This may often take the form of presenting a piece of information, then asking the user to complete a simple task to show he has understood, then to reconfirm the main points with a relevant demonstration.
Children's programs clearly illustrate the different approaches. A user can, for instance, practice routines and procedures over and over again; gradually increase difficulty levels; do logical analysis or problem solving using mathematical models; assess speed of response; experiment by building and testing examples; and simulate failure modes or emergency situations to give operators practice at finding the correct response.
And of course a big advantage of multimedia software is that by building a simulation model, trainees can practice the skills they need long before they ever see the real equipment.
What price progress?
OFF-the-shelf multimedia training systems have been available for some time, are reasonably cheap and are general acknowledged as effective for employee training. But more highly targeted software customised to a particular company's products is still in its infancy. But the economics are becoming more favorable and tailor-made packages should soon become the norm.
The initial cost of producing an interactive CD-ROM can be quite high. The main costs are: marketing and distribution; graphic design; software; editorial content; and financing and stock. But once finished it can reach vast numbers of people for little cost.
While different aspects of businesses, particularly, perhaps, sales, are looking at the multimedia CD-ROM idea, training enjoys something of a head start. It will probably be able to adapt graphics from existing files and, as most pictures will probably be technical, they may be captured from CAD drawings or photographs. Simple camcorder clips can also be used.
Most large companies already have a wide range of training materials available. This is likely to make a good basis for an interactive CD. Most of the text and pictures can be stored externally to the program allowing companies to update content and language as required.
The cost will vary hugely, depending on what is required, but a short animated Christmas card or press release could be completed by one person in a week. A small standalone application describing one type of industrial valve could take one person a month. This would include a facility to investigate technical features and see a small animation of it working.
Larger programs will depend on the amount of information that needs to be provided and the variation in the software routines used. Typical workloads could vary between three months and a year. Other costs may include the use of a soundtrack and narration.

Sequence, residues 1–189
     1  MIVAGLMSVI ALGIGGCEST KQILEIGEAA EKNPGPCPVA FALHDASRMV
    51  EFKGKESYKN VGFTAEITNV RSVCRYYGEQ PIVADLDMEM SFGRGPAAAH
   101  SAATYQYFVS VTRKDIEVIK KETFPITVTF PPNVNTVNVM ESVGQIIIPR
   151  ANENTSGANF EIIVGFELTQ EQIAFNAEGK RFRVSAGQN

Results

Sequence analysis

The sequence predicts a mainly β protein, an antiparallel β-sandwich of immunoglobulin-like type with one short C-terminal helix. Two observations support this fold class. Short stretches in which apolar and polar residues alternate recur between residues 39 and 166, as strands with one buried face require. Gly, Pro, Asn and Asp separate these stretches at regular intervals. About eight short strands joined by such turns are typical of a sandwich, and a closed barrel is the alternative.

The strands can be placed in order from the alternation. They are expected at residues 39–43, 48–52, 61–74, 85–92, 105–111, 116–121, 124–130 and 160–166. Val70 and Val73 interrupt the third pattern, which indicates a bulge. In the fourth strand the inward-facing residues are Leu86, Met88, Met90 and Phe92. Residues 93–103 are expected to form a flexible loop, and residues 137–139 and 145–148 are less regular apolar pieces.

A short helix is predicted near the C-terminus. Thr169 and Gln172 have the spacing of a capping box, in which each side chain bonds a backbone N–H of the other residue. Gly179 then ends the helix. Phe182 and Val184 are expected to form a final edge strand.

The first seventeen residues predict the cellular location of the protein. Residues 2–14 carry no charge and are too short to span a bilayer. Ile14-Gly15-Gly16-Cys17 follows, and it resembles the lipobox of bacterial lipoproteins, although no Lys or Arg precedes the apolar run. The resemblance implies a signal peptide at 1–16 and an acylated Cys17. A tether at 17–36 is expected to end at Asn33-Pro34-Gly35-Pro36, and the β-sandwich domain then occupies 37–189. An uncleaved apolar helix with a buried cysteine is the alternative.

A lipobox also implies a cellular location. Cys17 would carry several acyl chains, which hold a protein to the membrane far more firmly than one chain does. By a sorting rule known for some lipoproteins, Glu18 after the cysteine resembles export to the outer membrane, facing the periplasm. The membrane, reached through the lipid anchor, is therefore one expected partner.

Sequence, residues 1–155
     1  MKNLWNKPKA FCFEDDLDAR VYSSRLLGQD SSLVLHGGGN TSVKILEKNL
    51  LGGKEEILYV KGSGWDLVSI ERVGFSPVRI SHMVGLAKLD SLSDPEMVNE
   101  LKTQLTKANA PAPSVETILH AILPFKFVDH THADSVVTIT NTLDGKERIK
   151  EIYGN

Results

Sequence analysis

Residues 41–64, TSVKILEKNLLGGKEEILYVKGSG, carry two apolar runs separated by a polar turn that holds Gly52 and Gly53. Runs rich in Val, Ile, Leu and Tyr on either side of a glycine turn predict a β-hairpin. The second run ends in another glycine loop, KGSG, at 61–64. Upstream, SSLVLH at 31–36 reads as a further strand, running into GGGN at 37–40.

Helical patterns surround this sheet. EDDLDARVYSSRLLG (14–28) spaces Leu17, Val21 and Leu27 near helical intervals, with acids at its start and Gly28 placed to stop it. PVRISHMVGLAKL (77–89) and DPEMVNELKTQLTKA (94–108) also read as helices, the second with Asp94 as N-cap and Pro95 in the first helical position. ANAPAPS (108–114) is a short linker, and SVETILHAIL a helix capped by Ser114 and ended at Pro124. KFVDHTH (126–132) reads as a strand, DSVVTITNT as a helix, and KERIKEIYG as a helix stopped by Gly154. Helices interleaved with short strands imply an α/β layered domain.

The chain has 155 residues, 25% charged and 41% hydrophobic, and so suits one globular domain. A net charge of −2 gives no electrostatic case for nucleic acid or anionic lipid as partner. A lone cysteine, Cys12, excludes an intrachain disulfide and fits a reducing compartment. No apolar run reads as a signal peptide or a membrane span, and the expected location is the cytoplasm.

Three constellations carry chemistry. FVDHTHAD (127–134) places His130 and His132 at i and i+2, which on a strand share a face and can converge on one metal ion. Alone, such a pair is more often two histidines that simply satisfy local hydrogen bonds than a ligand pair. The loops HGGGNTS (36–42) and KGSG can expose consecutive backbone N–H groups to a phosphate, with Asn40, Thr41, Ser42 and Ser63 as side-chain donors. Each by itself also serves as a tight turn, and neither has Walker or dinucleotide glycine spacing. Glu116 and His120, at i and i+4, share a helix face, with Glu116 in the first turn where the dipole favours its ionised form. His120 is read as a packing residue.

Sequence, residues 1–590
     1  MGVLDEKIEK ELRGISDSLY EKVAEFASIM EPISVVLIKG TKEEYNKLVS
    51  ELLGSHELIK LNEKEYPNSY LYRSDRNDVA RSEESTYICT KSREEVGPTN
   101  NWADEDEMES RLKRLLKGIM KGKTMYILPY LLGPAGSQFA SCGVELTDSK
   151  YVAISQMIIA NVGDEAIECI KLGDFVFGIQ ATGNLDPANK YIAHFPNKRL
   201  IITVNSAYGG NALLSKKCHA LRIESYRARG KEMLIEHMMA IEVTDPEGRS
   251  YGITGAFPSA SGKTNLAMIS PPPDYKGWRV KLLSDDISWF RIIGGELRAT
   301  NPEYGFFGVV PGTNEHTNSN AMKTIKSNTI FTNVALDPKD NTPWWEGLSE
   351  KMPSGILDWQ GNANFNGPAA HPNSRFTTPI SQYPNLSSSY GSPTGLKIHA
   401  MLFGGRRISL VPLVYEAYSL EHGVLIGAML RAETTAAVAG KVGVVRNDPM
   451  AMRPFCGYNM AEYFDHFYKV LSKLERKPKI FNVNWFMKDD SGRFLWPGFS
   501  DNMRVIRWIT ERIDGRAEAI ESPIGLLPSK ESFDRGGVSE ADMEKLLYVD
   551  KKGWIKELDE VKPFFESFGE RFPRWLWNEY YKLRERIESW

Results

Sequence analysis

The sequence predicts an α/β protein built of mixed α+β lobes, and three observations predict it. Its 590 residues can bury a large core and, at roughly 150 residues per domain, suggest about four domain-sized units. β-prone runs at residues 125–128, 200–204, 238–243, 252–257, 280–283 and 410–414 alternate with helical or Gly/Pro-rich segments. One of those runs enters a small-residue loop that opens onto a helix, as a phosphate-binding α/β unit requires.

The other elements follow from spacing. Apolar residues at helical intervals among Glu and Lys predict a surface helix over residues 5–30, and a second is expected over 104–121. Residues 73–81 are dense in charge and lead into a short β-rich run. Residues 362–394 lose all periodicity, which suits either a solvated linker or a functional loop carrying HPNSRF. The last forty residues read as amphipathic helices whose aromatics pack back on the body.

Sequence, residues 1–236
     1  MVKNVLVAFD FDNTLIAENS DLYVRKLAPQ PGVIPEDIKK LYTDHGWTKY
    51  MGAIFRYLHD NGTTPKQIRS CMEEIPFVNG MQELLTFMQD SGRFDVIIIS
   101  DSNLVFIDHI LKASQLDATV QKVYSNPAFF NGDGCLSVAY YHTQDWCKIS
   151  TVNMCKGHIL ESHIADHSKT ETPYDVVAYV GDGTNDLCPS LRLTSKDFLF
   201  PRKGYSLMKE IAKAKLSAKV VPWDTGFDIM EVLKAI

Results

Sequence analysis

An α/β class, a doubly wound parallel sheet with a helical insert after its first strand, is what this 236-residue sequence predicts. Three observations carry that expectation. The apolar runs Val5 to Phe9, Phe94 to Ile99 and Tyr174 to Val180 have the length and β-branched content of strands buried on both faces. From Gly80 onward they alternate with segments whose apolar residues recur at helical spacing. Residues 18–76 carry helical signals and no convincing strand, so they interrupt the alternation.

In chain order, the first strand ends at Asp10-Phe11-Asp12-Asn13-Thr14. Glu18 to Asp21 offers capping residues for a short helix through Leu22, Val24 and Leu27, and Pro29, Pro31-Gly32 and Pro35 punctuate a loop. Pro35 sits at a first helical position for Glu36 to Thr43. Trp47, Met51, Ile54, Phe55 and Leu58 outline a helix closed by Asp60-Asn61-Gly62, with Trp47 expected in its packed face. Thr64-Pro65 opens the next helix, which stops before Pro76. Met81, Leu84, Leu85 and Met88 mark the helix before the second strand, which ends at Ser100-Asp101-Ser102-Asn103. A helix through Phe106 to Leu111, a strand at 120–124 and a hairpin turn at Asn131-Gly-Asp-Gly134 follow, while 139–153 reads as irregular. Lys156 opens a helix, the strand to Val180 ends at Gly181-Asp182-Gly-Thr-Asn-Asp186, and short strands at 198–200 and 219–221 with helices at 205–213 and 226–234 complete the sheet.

The material cost of CD-ROM's has continued to fall over recent years and, bearing in mind the huge amount of information they store, they are a very cost-efficient method of distributing
information.. Electronic distribution of smaller files is now quite common and is difficult to beat for punctuality and price.
At present, cut-down versions of programs can be embedded in web pages and run on the Internet. As the speed of the Internet increases, it may be possible to run large multimedia applications directly. This should bring a wealth of new uses.
TEACHING CD-ROM'S GET UP STEAM
In earlier times it would have been many years before a driver was allowed to take the controls of a steam locomotive.
By building a mathematical model controlled by a graphical representation of the engine's controls, it is possible to sit in front of a computer, drive along a track and present trainees with any track obstruction they are ever likely to meet.
A CD would contain the regulations, timetable, maintenance manual and driving test at the same time. Additional help is also provided because the animated locomotive has several training modes in which each new control can be introduced separately.
A significant level of realism is also provided by the use of video and sound files. By this technique the whole learning process becomes much easier and more fun.
Once the initial model has been built, it is relatively easy to apply it to different locomotives or tracks. Before trainees are allowed to drive a loco they must first pass a simple test to show they have understood all the rules and regulations.
This same approach can be applied to a range of different machines.